Furthermore, the draft law 1089 on the election of mayors in two rounds was rejected and removed from further consideration.

The courts and security agencies

Riding on the wave of popular protest the politicians have promised to deal with the Constitutional Court. Itspolitical dependence in fact had allowedMr. Yanukovych to accroach the power. However, only 179 people’s deputies have voted for the inclusion of the draft law 4033 to improve the work of the Constitutional Court in the agenda.

Besides the draft law 4378-1 to restore the confidence in the judicial system considered above, the reform of the judiciary was included in the few other draft laws, three of which have not been accepted. The draft law 2203-1 provided for the improvement and expansion of the Supreme Court powers and allowed citizens to apply directly to the Supreme Court with a request for review of the decision. It was supported by 111 votes only.

Two more draft laws (3356-2 and 4033) mentioned the expansion of the Supreme Court powers as the highest judicial body in the system of courts of general jurisdiction and the improvement of the Constitutional Court activities. The first draft lawwas supportedwith 64 votes only and thus was failed by all the factions.

Fight the government against the peaceful protestors has exacerbated the need for radical reform of the security ministries. The initiative presented by President Yanukovych on the State Prosecution (draft law 3541) was supposed to introduce the European standards, and thus has been considered the key documentof law enforcement reform. It was adopted on the last day of the 7thVerkhovnaRadaonly, on October 14, 2014 with 316 votes.

Currently the reform of the law-enforcement agencies has shifted to the area of Cabinet of Ministers competence, while the MPs have demonstrated little enthusiasm. Hagglingand unwillingness of the MPs to take over the development of the complex reforms may undermine the window of opportunity for systemic changes in human rights.

Preserving the shaky legislation does not eliminate the risks of a return to dictatorship throughthe sole governmental control over the security agencies.

The transparency of funds and media ownership

Ukrainian big business turned unprepared for the transition to the competitive model. Traditionally, the business success depended on allocation of budget money through the access to power.

The MP’s resistance has been clearly manifested during the vote on increasing transparency of the public procurement for the enterprises (draft law 2207). The senior representatives of the business sector, including Mr.Zhvania, Mr. Kinah, Mr. Vasadze and Mr. Mkhitaryan, did not vote for one of the key issues of the anti-corruption reform.

On the last day of the seventh convocation of the parliament, given the activists’ pressure at the parliamentary walls, VerkhovnaRada has managed to adopt a package of the systemic anti-corruption laws. The abovementioned package consisted of four basic draft laws. The members of parliament approved the 2014-2017 anti-corruption strategy, the establishment of the National Anti-Corruption Bureau, the National Commission for the Prevention of Corruption and the disclosure of the final business beneficiaries.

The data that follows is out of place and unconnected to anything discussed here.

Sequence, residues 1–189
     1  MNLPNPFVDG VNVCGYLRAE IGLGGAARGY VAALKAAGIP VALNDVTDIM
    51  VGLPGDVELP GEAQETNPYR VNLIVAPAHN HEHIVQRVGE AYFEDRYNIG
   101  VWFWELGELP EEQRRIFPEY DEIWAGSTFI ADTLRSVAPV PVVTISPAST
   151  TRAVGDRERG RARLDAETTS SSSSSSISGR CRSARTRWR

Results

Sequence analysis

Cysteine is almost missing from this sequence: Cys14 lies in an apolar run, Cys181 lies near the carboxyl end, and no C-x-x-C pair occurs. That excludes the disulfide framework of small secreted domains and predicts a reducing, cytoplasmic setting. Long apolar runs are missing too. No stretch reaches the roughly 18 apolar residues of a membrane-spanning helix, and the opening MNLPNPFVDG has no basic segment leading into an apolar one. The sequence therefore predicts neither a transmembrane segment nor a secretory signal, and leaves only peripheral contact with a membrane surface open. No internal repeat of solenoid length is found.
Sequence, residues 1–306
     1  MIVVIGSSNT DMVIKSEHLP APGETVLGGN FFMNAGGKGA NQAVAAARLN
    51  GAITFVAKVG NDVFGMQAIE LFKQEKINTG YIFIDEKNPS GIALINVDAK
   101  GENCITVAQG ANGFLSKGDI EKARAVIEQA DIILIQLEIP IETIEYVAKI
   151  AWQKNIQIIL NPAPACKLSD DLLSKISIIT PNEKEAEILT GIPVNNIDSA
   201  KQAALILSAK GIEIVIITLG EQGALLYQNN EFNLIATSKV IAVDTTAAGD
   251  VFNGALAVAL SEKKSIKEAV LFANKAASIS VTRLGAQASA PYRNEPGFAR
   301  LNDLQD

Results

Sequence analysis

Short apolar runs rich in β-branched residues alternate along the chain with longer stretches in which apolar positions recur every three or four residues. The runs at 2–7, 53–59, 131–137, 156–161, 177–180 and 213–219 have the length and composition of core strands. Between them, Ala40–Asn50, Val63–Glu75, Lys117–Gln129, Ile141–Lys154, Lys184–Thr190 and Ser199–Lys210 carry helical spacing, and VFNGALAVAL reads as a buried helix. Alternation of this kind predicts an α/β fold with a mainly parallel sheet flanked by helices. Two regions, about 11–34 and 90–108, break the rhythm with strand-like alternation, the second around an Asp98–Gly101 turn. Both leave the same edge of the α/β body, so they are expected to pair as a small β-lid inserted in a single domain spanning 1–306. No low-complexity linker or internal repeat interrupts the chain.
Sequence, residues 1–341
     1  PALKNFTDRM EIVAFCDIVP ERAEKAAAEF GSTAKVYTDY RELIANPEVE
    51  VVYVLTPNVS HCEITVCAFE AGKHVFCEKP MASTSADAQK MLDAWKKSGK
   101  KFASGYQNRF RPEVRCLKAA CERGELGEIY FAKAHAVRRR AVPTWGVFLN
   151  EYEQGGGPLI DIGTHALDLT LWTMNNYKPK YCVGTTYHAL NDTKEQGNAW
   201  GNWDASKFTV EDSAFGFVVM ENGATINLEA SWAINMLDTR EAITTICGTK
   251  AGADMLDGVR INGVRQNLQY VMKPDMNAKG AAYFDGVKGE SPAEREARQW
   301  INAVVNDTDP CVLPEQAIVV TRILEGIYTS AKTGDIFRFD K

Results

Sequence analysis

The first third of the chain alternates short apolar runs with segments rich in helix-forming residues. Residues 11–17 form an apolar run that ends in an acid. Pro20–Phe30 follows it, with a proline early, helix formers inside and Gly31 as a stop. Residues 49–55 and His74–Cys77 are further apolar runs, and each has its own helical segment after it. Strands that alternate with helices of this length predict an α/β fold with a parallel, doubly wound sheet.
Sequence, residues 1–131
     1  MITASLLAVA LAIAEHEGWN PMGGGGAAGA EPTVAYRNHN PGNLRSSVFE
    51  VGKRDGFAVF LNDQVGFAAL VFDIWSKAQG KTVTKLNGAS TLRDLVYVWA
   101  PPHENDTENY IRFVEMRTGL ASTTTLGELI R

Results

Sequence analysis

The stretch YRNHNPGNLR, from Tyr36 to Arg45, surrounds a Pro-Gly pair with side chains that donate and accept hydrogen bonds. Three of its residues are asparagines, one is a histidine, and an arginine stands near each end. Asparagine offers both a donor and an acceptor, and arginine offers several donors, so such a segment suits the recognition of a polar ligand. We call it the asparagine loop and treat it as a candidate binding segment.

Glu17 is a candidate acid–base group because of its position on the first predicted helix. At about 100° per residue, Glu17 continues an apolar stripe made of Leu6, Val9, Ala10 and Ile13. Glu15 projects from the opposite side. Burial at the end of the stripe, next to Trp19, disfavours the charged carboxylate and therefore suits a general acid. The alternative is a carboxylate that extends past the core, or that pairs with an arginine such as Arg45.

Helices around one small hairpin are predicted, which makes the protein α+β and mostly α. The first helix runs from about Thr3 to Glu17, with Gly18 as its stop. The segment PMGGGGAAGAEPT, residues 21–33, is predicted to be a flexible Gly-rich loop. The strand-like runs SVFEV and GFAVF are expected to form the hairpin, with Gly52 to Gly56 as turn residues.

Themedia-focused Maidan demands concerned primarily the adoption of the law on transparency of the media ownership and privatization of the media, as well as facilitating the introduction of independent public broadcasting.

The draft law 2731(submitted by the previous government) has aimed to provide transparency ofthe media ownership, forbidding the non-residential affiliation. It was supported by 322 votes. The Party of Regions and the communists have shown more support than the pro-Maidan parties.

The draft law 1076 on Public Television and Radio was adopted on April 17th, 2014 with 243 votes only through the support of the pro-democratic faction of the parliament.

Seven months full of deviations

Apparently, the new pro-European leadership has in fact abandoned the development of the direct democracy instruments. President Poroshenko’s draft law 4178 on amending the Constitution contains many important nuances. However, there is no single passage introducing citizens’ control over the authorities.

The theses on grass-root democracy and public control were clearly recorded in the2012parliamentary election campaign manifestos, including those of  ‘Batkivshchyna’ and ‘UDAR’. The latter, in particular, has promised to introduce three instruments of direct democracy - the people's legislative initiative, the popular veto and people's vote of confidence.

These ideas, like many other Maidan demands, have not been implemented in the Parliament. The system’s resistance has eventually recovered. The democratic parliamentary factions have focused on the political races and pushed the Maidan tasks and their own agendas in the background.

Thisarticle is based on the results of the monitoring of the legislative activity of the parliamentary political parties, performed by the Open Society Foundation experts and supported by the National Endowment for Democracy, USA (NED).